Kirill Alexeyev, author, Analiteg Telegram channel
Semyon Zelenovich, journalist
Angela Kalsynova, YouTube blogger
Ilya Kozin, journalist
ZIMA Magazine (London)
the editors of Oni za Voynu
the editors of Pravda o Voyne
The Voice of Reason movement
Dmitry Tolstosheyev, journalist
Evgeny Galitsky, journalist
Nina Abrosimova, journalist
Elena Samoylova, journalist
Vera Vasilyeva, journalist
Ivan Makridin, journalist, podcaster
Lev Kadik, journalist
Ruslan Totrov, journalist
Apolitichnost Gubit, a social movement
the editors of Russky Kovcheg Telegram channel
the Vornadzor anti-corruption movement
Dima Zitser, teacher
the editors of Echo of Petersburg (banned in Russia) and Ischem Vykhod, a YouTube channel
Alex Dubas, journalist
Zygmunt Dzieciolowski, journalist (Poland)
Obyektiv YouTube channel
Warsaw Local Anti-War Committee Telegram channel
Dozor v Volgograde project
The Polycrates Foundation
Alexander Artemyev, human-rights advocate
Dmitry Bayandin, attorney
Arseny Lytar, member, Russian State Duma Committee on Science and Education
Ilya Furman
Maria Klementyeva
Polina Shubentseva, activist and volunteer, Memorial
Andrey Yakimovich
Dmitry Simanovsky
Linur Arslanov
Vadim Dmitriyev
Mikhail Biryukov, attorney
Dmitry Gerasimenko
Sergey Kovalchenko
Maria Kabysh, costume designer
Timofey Andropov and the Ochnis movement
Lena Pylaeva and FreeRussiaNL
Olga Chernykova, former faculty member, Moscow State University
Alina Gnatyshina and Rossiya Buduschego (Switzerland)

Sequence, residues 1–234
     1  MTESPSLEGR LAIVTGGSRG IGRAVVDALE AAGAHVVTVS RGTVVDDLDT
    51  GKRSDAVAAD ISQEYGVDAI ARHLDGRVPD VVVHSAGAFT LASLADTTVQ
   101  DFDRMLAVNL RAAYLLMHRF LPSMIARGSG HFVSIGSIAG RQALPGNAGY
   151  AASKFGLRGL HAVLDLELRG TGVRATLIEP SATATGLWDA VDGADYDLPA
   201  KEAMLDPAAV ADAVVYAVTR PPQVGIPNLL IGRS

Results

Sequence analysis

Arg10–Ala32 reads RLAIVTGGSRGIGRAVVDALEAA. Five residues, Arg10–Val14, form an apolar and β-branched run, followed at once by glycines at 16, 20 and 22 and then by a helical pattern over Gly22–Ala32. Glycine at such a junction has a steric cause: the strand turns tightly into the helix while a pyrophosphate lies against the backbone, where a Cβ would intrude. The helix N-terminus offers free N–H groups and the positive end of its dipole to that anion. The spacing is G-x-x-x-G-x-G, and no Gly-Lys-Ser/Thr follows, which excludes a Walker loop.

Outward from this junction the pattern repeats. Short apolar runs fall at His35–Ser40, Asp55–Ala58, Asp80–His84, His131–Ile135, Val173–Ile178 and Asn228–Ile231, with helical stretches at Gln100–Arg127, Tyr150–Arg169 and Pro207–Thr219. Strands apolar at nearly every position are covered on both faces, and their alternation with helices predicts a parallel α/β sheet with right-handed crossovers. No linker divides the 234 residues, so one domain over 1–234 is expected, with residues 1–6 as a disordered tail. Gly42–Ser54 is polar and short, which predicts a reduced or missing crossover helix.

Sergey Losev
Alexey Shmelev
Sergey Galin
Ekaterina Komissarova
Nikolay Matrosov
Ilya Bobrik
Alisher Artykov
Zhanna Shchukina
Igor Naginer
Alexey Volkov and the Canadian Russian Association Telegram channel
Olya Kazimirchuk
Sonya Blade
Joseph Malkin
Shimon Glazshteyn
Protokolnaya Redaktsiya project
Ivan Romanov
Elena Kvasyuk
Georgy Sushilin
Olga Degtyareva
Paul Robertus
Elena Lukyanova, attorney
Timofey Ilyushin, human rights advocate
Nikolay Golikov, artist
Alexander Kabanov, professor, University of North Carolina
Kirill Povarov
Irina Karpova
Irina Sokolovskaya
Mila Zemtsova
Andrey Kotov
Julia Ioffe, journalist (United States)
Lolita Roze (Latvia)
Mihail Gokhman (United States)
Greg Dolgopolov (Latvia)
Juris Raudulis (Latvia)
Lev Mendelson (United States)
Michael Mamontov (United States)
Eleonora Scheerseu (Germany)
Artur Heidt (Germany)
Marks Lisnanskis (Latvia)
Dmitrijs Krupņikovs (Latvia)
Dmitri Gouzévitch, historian (France)
Herta Hansena
Konstantin Kabanov
Tatiana le Roy (Belgium)
Laure Thibonnier (France)
Gennadi Kreps (Germany)
Natalia Kuzmina (Germany)
Association for Solidarity with Civil Society and the Development of Democracy in Russia, Russia of the Future (Spain)
the editors of
Penguin Travel YouTube channel
Aiza Dolmatova, rapper
Ruslan Sokolovsky, blogger
the Iskra media training team
the KermlinRussia project team
the Smorodina: for Democracy in Russia association (Norway)
Oleksandr Tsyba
Andrey Lukashevich
Vadik Sirekanyan
Oleg Ponomarev
Sofia Gribkova
Alex Zatsman (United States)
Mykola Shpylchin
Marina Polishuk
Vladimir Yurovsky, conductor (Germany)
Olga Deryabina
Dmitry Cherne
Natalia Telegina
Vitaly Bovar
Maria Gabisov
Sofia Pulver